I never thought I could live alone. Living alone was for the fiercely independent, and I was the girl who relied on people for a laundry list of things. When I felt down, I’d sit on my roommate’s bed and talk it out. If I needed to run to the grocery store, there was usually someone riding shotgun.
When you think about it, you live with other people for most of your life. Currently, some of you might be living with roommates, your significant other and/or your parents or family members. Then, you might get married and live with your husband/wife in a home where you can grow old together. Sometimes that involves kids, three dogs or all of the above.
Growing up, I lived with my parents and my younger sister. In college, “home” was a tiny room I shared with a roommate. After the dorms, I lived with three other roommates in a house that wasn’t much bigger. Personal space wasn’t a thing. Styles and personalities and opinions on things like decor were different, and learning how to compromise was a valuable lesson I learned quickly.
Don’t get me wrong, I loved being around people. But even so, I knew I wanted to experience living alone at least once. Before marriage, kids and all of the other “adult” things I had planned for myself, I wanted to know what it felt like to be selfish and not feel ashamed by it. I wanted to live in a space that was 100% mine, where I’d be free to binge watch Netflix, drink wine out of the bottle and walk around sans pants on a random Tuesday.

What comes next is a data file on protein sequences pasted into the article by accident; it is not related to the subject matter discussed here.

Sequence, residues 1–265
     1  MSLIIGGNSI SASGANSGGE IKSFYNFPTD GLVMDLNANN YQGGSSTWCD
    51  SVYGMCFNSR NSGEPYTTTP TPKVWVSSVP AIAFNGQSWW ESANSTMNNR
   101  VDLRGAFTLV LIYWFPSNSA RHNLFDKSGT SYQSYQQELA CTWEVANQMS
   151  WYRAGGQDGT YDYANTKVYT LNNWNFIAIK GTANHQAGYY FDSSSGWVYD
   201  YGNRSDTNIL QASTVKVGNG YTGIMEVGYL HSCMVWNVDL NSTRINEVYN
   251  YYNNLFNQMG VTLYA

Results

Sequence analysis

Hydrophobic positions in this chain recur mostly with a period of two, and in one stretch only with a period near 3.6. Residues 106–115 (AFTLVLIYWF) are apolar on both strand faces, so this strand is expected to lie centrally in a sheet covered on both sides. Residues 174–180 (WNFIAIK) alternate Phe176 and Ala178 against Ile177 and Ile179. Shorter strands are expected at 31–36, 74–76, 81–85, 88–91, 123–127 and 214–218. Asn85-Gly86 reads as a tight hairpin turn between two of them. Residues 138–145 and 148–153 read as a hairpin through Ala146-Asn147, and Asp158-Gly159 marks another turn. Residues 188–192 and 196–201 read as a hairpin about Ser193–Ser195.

Was I afraid to live by myself? I was terrified.
Do I think everyone should experience it at least once? Absolutely.
YOU LEARN HOW TO FIX THINGS
Living alone taught me a number of valuable life lessons — like how to fix a running toilet, replace burnt out light bulbs, get over my fear of spiders, cope with noisy neighbors and pay bills on time. I learned that a can of paint and a little creativity can go a long way. And I learned that when said paint gets all over the floor, Goo Gone is the perfect solution.
YOU LEARN TO BUDGET
This was a big one for me. When you’re not splitting bills with someone else, you learn how to manage paying for everything yourself.
YOUR MESS IS YOUR MESS
I wasn’t judged for eating dinner in bed, or for binge watching Netflix for longer than I’d like to admit on the internet. I left dishes in the sink some days. I was guilty for leaving a pile of laundry on my bedroom floor for weeks. But, it was my mess.
YOU GET TO KNOW YOURSELF
Being alone and loneliness are not the same. Living alone taught me that. I learned to be comfortable with and actually enjoy my own company. I gained independence, and it gave me the extra push I needed to grow up. I learned what I liked and developed my sense of personal style.
Fritz and I moved into our new place a few weeks ago. It’s charming and modern and the perfect place to share together. And while I’m excited to create a new home with him, I’ll always look back fondly on my former one-bedroom apartment, and the brief period in my twenties when I lived alone. The time I had to learn and live by myself helped shape me into the person I am today.